“It is impossible to live without failing at something, unless you live so cautiously that you might as well not have lived at all, in which case you have failed by default.”
– J. K. Rowling

This quote from J. K. Rowling underlies the grit she needed to succeed. Multiple publishers rejected the author of the Harry Potter series before Bloomsbury finally agreed to publish her first book. Rowling’s resilience and determination paid off, and she became one of the best-selling authors of all time.

“While one person hesitates because he feels inferior, the other is busy making mistakes and becoming superior.”
– Henry C Link

Having a belief that everything you do is providing you with feedback can help you learn and recover more quickly from mis-takes. You will look consciously for useful teachings, make adjustments, and move on. The knowledge you gain and the adjustments you make will give you experiences that add to the wisdom you’ll accumulate over your lifetime, and maybe even pass on to others.

As the toddlers I mentioned in the first paragraph get older, they may be discouraged or held back by their well-meaning parents, who want to protect them from the dangers of life.

Kids on play equipment

In doing so, parents often rob them of the opportunity to gain firsthand experience and feedback. Parents know the dangers because they’ve experienced them personally — and often painfully. And they’ve learned from them. But children learn by having their own experiences, not by being constrained.

“Success is not the absence of failure; it’s the persistence through failure.”
– Aisha Tyler

Once outside the home, there are many rules imposed by councils, governments, and schools. Supposedly, they’re designed to protect people. But do they protect us — or are they just another way of dumbing down society, creating fear so that we don’t even bother trying?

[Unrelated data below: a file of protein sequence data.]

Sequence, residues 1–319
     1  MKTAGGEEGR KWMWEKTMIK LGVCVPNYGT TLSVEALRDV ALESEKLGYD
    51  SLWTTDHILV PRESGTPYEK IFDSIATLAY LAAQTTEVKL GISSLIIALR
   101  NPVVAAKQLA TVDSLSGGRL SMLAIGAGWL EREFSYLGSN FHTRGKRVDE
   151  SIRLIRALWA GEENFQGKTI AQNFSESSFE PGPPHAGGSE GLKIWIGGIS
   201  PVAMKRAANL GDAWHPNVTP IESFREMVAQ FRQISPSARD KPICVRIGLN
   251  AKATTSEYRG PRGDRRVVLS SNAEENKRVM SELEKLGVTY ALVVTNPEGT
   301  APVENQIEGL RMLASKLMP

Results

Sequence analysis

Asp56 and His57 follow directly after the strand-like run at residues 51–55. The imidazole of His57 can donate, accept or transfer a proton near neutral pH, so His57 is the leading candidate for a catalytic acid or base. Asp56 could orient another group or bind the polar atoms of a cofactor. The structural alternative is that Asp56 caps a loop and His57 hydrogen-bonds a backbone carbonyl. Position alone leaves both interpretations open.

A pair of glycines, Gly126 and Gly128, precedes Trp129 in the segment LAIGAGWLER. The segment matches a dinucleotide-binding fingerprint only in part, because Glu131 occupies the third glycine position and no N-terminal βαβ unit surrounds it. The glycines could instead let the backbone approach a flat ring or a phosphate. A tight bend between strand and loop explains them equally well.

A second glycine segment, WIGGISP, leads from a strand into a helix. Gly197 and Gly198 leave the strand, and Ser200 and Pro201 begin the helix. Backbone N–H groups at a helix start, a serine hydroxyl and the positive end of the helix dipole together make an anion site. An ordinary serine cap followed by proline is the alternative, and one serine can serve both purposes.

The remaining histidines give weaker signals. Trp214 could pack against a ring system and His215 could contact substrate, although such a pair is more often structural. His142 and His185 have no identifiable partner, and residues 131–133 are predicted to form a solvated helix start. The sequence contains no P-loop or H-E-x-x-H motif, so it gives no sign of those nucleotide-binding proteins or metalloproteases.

The pass/fail system doesn’t help

At school, you might have been further handicapped by the pass/fail system. In school tests and exams, you either pass or fail. While there are different degrees of passing, perhaps a ‘C’ pass or an ‘A+’ pass, there’s only one form of failure, usually shown by a large, red F!

You may have become conditioned and pressurised by this pass/fail approach as you moved through the schooling system. And all it really proves is that you can learn and retain information long enough to pass exams on the subject. It’s no indication of your character, your kindness, your sense of humour or anything that society really values. The education system does a great job of sorting people into those who can pass exams and those who struggle.

Princess Diana, noted for her compassion, sense of style, charisma and for being a tireless promoter of many charities, failed every one of her GCSE examinations.

By the time you get to adulthood, you may well have learnt all about failure. In fact, you might have had it drummed into you over and over, so that if you don’t have a natural ability for something you’re interested in, you give up and move on to something else rather than ‘fail’ at it.

sign saying, forget the mistake, remember the lesson.

I know a few people who have attempted a new sport or taken up a new hobby. If they weren’t able to achieve a certain amount of skill in a short amount of time, they deemed themselves as having failed and gave up. If you don’t take a chance because you are afraid of failing, then you have failed anyway.

Albert Einstein didn’t speak until age four and didn’t read until age seven. His teachers labeled him “slow” and “mentally handicapped.”

Failure is a concept rather than a reality

Those that take feedback constructively can learn from their experiences. They will move ahead and develop. Those who take feedback as a personal affront are more likely to become defensive and justify their own limited actions, without taking on board the learning that is available to them.

There’s no failure, only feedback.

Next time you’re tempted to give up or resign yourself to failure, think about that baby overcoming incredible odds in her attempt to stand up and walk.

You were that baby once

So take on board the feedback you’re getting, either from the task itself, your environment or directly from others and, as the song goes, ‘pick yourself up, dust yourself off, start all over again.’

By the way, Fred Astaire and Ginger Rogers sang the song in a 1936 film called Swing Time. In Astaire’s first screen test, the judges wrote:

“Can’t act. Can’t sing. Slightly bald. Can dance a little.”

However, Astaire persisted and eventually landed a role in the film “Dancing Lady” in 1933.

He starred in many classic films, including ‘Top Hat,’ ‘Swing Time’, and ‘Easter Parade, and became a beloved figure in Hollywood and the most famous dancer of all time, his stage and film career spanning 76 years.

He makes plenty of mistakes in this clip from Swing Time. Listen to the song lyrics.

Good job he didn’t believe in failure, only feedback!

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Tags: Beliefs and values, Goals, Language, Motivation and taking action, Resilience, Self-confidence and self-esteem, Thinking and mindset